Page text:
Take the 2-minute tour ×
TeX - LaTeX Stack Exchange is a question and answer site for users of TeX, LaTeX, ConTeXt, and related typesetting systems. It's 100% free, no registration required.

I would like my multiline equations to look like this:

Left-hand-side of my equation
    = right-hand-side number 1
    = right-hand-side number 2
    = etc.

I know there is a simple way to do this, because I found it a while ago when I was looking for something else. But now that I actually want it, I can't find it again.

I do not require equation numbers.

EDIT: The "simple way to do this" I had been half-recalling was \lefteqn{}, but as far as I understand that only works (and I use the word "works" loosely) within the evil eqnarray environment.

share|improve this question
2  
\lefteqn probably is the only almost good feature of eqnarray. :) –  egreg Feb 14 '12 at 22:44
1  
I noticed that mathtools has the command \MoveEqLeft which seems to do exactly the same as my answer below. –  eldering Apr 17 '12 at 12:00

6 Answers 6

up vote 11 down vote accepted

Ok, converting my comment on @egreg's solution into an answer:

\begin{align*}
  \hspace{2em}&\hspace{-2em}Any short or long LHS\\
  &= ax^3 + bx^2 + cx + d \\
  &= f(x)
\end{align*}

This puts the first LHS on a separate line, and the equation is centered correctly, independent of the size of LHS.

Additional note: I've defined a shorthand command for \hspace{2em}&\hspace{-2em} myself. I wasn't sure that putting the & into a command would work, but it does.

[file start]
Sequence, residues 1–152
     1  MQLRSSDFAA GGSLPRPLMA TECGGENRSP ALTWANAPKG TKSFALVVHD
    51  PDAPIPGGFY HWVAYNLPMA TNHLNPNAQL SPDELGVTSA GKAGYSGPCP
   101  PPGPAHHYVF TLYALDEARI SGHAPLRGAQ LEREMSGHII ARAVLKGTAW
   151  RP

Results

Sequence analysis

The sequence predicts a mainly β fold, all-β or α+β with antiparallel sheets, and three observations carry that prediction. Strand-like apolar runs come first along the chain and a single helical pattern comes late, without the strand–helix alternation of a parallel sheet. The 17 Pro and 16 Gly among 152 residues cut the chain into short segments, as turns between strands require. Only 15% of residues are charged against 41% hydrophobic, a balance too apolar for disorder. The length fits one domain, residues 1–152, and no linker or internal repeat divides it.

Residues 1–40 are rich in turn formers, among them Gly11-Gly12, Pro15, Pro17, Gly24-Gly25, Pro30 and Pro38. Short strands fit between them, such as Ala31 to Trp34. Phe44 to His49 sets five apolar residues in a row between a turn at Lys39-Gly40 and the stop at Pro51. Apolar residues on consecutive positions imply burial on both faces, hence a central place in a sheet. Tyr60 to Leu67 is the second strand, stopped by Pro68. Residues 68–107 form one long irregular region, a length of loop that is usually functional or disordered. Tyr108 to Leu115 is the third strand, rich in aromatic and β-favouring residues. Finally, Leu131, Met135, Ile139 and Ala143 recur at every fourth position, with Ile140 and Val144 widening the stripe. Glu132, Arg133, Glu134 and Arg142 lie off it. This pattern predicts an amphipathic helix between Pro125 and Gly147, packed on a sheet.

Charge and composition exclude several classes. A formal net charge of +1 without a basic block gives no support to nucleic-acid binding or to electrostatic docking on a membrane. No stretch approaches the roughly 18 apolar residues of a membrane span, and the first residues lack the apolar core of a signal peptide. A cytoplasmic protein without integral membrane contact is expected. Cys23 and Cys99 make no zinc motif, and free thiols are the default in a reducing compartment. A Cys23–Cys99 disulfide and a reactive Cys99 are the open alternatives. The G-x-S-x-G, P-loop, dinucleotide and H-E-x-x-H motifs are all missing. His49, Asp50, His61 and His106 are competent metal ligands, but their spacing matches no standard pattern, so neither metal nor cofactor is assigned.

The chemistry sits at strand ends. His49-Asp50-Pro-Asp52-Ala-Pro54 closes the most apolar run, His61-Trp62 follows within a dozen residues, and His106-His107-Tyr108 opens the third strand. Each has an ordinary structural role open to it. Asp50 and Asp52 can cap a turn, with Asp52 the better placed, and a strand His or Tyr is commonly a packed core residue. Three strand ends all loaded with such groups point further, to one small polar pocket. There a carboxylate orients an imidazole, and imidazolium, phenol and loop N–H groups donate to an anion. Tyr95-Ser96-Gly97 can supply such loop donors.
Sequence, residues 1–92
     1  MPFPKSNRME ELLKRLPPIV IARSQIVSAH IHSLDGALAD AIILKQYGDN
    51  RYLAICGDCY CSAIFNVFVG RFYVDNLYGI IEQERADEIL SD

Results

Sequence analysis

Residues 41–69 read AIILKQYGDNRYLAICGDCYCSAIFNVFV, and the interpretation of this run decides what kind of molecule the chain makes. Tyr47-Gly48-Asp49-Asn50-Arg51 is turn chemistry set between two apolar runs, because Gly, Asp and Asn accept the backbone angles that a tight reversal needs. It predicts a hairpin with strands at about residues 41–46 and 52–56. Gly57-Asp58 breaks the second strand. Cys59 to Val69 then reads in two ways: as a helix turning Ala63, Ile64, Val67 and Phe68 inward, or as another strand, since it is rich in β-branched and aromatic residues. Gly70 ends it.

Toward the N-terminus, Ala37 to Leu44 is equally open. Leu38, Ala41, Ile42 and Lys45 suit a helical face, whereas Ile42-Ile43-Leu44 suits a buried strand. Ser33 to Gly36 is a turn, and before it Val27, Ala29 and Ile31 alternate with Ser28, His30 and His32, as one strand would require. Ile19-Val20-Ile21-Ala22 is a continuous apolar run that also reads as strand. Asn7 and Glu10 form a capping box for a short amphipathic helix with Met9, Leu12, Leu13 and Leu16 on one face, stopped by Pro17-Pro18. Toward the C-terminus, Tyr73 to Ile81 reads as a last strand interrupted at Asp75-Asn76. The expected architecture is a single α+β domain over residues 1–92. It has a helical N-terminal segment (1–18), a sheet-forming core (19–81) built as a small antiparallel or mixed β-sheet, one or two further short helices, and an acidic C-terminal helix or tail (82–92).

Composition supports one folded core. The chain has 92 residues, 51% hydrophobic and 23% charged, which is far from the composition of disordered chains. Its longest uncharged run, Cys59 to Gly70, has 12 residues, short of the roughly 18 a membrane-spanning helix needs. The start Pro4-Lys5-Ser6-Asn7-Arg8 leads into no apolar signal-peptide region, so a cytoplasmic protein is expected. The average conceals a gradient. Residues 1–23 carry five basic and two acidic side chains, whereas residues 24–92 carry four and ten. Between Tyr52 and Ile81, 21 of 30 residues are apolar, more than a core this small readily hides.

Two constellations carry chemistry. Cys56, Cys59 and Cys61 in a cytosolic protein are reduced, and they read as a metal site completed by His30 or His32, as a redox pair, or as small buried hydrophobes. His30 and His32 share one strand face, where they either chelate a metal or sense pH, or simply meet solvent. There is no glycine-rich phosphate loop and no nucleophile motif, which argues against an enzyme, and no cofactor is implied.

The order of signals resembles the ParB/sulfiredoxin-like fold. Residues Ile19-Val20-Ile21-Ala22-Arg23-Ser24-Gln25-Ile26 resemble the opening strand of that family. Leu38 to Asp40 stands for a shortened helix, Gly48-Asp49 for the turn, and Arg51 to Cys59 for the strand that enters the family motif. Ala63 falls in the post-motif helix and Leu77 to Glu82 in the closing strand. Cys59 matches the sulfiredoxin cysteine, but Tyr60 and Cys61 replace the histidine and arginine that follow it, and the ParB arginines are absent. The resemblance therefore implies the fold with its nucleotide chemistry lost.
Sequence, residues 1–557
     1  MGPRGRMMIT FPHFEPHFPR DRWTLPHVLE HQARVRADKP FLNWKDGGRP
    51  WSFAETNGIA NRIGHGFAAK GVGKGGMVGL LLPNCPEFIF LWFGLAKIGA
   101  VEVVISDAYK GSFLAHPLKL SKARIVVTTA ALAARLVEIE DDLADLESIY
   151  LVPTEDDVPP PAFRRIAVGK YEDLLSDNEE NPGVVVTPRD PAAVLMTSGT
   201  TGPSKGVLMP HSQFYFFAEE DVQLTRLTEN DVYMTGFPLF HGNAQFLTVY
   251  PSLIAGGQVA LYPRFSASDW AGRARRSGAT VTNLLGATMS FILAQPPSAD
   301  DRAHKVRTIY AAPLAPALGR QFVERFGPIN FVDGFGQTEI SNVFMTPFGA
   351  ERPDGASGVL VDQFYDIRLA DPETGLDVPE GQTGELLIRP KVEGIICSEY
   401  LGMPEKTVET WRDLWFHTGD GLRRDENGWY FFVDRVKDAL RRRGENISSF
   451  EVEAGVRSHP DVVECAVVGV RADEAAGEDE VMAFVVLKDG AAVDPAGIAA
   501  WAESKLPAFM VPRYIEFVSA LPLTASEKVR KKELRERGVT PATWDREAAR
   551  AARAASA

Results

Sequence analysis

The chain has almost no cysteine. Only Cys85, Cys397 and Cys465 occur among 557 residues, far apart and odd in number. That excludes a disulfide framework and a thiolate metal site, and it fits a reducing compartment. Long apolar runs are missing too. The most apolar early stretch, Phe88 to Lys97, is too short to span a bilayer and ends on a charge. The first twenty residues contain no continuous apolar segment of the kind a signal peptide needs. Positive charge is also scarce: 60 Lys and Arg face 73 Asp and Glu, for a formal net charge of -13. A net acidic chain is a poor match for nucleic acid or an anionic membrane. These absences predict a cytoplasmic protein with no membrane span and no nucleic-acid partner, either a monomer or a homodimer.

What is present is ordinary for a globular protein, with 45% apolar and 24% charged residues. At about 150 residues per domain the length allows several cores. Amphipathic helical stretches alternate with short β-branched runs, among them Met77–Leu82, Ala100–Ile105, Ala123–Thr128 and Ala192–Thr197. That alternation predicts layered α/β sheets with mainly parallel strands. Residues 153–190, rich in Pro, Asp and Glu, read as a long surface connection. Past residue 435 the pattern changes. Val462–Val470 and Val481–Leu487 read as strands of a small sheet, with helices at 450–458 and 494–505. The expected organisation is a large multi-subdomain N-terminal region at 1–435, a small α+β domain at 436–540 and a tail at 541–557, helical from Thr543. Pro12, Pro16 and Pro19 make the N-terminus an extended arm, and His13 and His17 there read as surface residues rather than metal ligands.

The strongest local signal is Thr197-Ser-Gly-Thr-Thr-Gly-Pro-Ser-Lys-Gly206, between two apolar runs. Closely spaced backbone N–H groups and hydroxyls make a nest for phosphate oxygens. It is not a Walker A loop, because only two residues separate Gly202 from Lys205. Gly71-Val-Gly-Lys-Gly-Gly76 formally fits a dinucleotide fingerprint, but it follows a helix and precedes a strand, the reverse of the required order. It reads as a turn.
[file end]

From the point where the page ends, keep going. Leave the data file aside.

share|improve this answer
1  
Yes, a major plus for me about this solution is that I could define such a command as you mention, and then all it would take to modify my existing equations would be to add, say, \lhs in front of them. –  thecommexokid Feb 15 '12 at 15:16

this should do it.

\documentclass{article}
\usepackage{amsmath}
\multlinegap=30pt
\begin{document}
\begin{multline*}
 \text{Left-hand-side of my equation}\\
  \begin{aligned}
    &= \text{right-hand-side number 1}\\
    &= \text{right-hand-side number 2}\\
    &= \text{etc.}
  \end{aligned}
\end{multline*}
\end{document}

example of multline with aligned

Edit: \multlinegap specifies the indent from the left and right margins. the default is 10pt, but often a wider gap is desirable.

share|improve this answer
    
This answer positions the start of the first line all the way on the left margin, and the rightmost point of the aligned block all the way on the right margin. That leaves the column of equals signs at an arbitrary indentation. I'd prefer a solution where the equals signs were indented the same amount each time I used it, regardless of the lengths of the particular equations, and then the entire thing were horizontally centered. –  thecommexokid Feb 14 '12 at 22:53